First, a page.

The global credit crisis of 2008–2009 was the most serious shock to the world economy in fully 80 years. It was for the world as a whole what the Asian crisis of 1997–1998 was for emerging markets: a profoundly alarming wake-up call. By laying bare the fragility of global markets, it raised troubling questions about the operation of our deeply integrated world economy. It cast doubt on the efficacy of the dominant mode of light-touch financial regulation and more generally on the efficacy of the prevailing commitment to economic and financial liberalization. It challenged the managerial capacity of inherited institutions of global governance. And it augured a changing of the guard, pointing to the possibility that the economies that had been the leaders in the “global growth stakes” in the past might no longer be the leaders in the future.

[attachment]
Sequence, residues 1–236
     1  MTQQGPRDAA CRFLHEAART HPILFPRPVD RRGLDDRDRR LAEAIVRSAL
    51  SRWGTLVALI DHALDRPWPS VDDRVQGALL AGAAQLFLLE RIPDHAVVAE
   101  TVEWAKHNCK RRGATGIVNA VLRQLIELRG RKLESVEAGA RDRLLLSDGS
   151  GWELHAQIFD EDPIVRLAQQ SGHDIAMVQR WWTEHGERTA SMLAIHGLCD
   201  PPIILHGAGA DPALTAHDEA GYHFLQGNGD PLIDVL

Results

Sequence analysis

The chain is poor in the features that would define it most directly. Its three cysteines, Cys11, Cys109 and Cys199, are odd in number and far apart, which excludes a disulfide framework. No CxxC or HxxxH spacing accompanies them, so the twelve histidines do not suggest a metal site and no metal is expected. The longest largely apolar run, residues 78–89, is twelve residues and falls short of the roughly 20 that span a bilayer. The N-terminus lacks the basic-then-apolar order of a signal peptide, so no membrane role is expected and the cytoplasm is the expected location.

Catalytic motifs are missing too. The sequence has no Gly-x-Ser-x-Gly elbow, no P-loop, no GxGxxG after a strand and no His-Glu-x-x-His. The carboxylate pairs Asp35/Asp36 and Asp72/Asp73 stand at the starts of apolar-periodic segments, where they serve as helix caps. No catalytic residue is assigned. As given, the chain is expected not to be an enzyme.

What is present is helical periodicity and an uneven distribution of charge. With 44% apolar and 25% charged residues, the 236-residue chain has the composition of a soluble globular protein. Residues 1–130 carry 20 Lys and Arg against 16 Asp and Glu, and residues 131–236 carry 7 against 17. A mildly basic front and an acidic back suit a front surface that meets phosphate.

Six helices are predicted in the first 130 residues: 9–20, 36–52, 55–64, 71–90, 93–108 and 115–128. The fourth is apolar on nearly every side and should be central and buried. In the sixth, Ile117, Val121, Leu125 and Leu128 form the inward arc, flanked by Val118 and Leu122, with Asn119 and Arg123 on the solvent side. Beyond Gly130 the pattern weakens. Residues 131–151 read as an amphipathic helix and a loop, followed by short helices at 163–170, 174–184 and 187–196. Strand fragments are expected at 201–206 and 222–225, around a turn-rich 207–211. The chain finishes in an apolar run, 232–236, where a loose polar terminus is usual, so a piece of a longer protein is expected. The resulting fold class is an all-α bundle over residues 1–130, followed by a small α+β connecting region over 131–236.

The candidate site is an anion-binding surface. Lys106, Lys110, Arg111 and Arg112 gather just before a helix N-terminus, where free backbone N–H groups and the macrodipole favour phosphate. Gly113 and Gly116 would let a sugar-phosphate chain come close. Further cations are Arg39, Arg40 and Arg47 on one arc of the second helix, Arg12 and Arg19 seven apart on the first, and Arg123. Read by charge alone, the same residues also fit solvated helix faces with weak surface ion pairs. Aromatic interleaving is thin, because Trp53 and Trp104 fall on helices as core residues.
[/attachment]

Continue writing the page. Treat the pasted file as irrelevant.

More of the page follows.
What the crisis means for reform, however, is still unclear. This book brings together leading scholars and policy analysts to describe and weigh the options. Successive chapters assess options for the global financial system, the global trading system, the international monetary system, and the Group of 20 and global governance. A final set of chapters contemplates the policy challenges for emerging markets and the advanced economies in the wake of the financial crisis.Contents:
- Financial Reform after the Crisis
- Did WTO Rules Restrain Protectionism During the Recent Systemic Crisis?
- The International Monetary System after the Financial Crisis
- The Group of 20: Trials of Global Governance in Times of Crisis
- Emerging Markets in the Aftermath of the Global Financial Crisis
- Challenges for Emerging Asia
- Long-Term Challenges for the Advanced Economies: Reducing Government Debt
Readership: Students and researchers in the fields of international economics, macroeconomics, finance and development.
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